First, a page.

The Battle for CoordinationA Lesson from Normandy
One of the discussions in our Normandy program is that the Allies and Germans were not only battling each other, but were also both fighting another enemy: Chaos. This enemy takes no sides, is an infiltrator -- a disrupter that never sleeps, never tires, and never relents, and wants only to corrupt everything you're trying to do. It is overpowered rarely, and only by one weapon: Coordination. It's especially vulnerable to "Vicious Harmony," as Gen. Mattis has called it. That's interesting to me because it implies a willful effort to achieve and maintain it.
I refer to that willful effort as the Battle for Coordination. And from London to Normandy, we ask which of the two sides, Allies or the Germans, did a better job of fighting Chaos and fighting the battle for coordination. You see, that battle for coordination must be won before the invasion begins. When many thousands of Allied paratroopers are dropped into France in the middle of the night, how prepared are they for chaos? Or do they expect everything to go as planned? Well, what do we see when they are mis-dropped all over Normandy? We track their transition "from chaos to action". It is measurable. They fight to get back together, then move on the objectives...which they all know and understand...and continue the struggle to fight together as one.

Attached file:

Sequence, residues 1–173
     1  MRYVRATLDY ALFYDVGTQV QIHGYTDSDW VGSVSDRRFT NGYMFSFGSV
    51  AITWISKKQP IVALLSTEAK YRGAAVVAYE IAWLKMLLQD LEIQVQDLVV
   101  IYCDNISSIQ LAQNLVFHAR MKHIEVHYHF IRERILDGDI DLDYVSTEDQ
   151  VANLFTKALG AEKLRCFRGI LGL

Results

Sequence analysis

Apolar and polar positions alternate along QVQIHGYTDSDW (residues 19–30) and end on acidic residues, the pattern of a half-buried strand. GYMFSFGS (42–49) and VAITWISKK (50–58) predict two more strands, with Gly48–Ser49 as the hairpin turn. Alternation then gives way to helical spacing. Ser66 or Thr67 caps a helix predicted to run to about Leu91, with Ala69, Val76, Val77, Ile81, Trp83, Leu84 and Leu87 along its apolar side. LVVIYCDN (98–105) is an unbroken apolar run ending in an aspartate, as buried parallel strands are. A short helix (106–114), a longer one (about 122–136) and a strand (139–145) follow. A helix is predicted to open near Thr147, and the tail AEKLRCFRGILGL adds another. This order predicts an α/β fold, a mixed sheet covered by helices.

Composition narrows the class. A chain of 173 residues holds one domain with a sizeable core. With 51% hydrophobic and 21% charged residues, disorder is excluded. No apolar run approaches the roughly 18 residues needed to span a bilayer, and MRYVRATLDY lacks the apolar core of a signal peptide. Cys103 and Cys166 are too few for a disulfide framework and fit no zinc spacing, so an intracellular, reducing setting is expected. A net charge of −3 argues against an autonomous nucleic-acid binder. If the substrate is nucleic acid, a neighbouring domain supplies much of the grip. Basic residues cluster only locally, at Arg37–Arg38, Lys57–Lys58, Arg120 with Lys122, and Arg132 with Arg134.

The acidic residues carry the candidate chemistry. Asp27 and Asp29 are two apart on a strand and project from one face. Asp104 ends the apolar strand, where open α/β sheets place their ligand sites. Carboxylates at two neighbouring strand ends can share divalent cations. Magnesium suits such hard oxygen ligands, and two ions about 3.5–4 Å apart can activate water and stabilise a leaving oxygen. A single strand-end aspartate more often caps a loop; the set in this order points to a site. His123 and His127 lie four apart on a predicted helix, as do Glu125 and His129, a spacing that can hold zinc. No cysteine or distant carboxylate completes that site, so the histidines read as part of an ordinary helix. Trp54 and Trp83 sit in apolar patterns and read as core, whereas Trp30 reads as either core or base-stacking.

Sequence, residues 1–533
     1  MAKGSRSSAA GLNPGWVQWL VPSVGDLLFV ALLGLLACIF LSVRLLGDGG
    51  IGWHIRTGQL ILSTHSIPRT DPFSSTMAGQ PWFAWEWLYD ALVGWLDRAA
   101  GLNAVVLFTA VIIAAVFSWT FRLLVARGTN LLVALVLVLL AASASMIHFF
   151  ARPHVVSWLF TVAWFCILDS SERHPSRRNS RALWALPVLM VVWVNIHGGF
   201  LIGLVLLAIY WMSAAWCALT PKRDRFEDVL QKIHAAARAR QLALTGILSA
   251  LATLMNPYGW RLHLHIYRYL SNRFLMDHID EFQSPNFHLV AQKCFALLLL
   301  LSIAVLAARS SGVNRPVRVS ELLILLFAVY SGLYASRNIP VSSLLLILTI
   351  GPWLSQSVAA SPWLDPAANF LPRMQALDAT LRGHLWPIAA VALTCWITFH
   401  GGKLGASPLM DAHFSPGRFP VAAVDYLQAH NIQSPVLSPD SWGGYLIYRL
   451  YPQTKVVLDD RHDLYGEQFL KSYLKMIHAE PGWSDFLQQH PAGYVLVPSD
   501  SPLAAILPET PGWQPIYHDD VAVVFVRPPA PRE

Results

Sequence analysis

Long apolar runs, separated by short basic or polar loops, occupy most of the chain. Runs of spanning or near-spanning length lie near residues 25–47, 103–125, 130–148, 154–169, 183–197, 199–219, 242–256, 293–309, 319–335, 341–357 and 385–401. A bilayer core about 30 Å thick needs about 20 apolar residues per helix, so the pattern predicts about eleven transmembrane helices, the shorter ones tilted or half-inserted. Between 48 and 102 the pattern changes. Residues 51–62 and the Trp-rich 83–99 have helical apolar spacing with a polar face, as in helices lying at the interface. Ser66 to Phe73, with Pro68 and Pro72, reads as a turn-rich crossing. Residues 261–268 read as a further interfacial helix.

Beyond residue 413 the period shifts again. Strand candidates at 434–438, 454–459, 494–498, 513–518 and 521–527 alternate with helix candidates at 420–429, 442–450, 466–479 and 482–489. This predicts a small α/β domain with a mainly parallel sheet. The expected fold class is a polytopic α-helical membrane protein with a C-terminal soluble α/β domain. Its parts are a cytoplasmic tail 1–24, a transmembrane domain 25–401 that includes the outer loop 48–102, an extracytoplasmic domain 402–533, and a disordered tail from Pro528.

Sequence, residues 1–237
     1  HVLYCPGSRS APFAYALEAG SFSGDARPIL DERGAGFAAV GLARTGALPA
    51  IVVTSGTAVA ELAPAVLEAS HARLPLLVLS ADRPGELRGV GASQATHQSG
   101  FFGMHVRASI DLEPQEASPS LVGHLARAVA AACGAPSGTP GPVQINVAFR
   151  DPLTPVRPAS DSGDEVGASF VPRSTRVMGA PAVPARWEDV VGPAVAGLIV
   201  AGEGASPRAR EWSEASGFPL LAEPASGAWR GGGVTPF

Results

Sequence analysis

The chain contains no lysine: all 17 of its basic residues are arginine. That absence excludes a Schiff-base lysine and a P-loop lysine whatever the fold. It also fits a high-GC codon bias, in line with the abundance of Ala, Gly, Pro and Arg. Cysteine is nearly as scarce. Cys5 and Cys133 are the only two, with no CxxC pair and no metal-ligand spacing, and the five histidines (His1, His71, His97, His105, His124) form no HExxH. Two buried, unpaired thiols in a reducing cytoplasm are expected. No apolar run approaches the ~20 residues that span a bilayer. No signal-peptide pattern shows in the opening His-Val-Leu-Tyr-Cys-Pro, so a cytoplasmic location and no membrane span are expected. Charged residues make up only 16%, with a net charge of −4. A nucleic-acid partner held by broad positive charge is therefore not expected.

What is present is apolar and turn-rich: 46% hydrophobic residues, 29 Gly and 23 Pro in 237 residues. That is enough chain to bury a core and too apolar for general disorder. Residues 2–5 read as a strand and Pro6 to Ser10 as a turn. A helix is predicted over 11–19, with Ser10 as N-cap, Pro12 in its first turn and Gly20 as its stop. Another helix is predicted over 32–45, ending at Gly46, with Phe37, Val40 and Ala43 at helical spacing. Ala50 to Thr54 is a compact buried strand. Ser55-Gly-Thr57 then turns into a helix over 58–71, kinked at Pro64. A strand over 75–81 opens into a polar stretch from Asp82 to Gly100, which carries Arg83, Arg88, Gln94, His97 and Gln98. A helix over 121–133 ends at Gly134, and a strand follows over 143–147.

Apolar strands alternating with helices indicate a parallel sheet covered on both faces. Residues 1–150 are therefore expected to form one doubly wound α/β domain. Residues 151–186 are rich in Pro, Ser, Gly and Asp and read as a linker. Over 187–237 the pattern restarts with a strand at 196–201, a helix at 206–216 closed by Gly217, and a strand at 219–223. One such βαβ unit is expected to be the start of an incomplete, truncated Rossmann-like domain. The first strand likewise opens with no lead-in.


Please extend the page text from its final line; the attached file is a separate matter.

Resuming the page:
And what of the defending Germans from the highest level to the lowest? If Hitler really thought the western front so critical, how battle-ready were they to achieve and maintain coordination? How vulnerable were they to chaos? What did they do to actually pile on the chaos to themselves? Well, as it turned out, the Germans had forfeited that battle with Chaos long before the Allies arrived, and did many things to pile on more chaos upon themselves. Control freaks do that to their organizations.
As leaders, are we even in the fight? Are we even aware that this enemy exists? Do we even aid the enemy with the habitual things we do every day? I would suggest that very few recognize that this is reality. And as a result, they think that they can clutch those reigns and control things with management. And they are perpetual fire-fighters, too busy to actually lead if they knew how.
That battle for absolute Coordination had better be joined, and with unrelenting ferocity, if we hold out any hope of attaining our operational objectives. And it takes the resolved effort of an entire team to do it, not the control of a boss.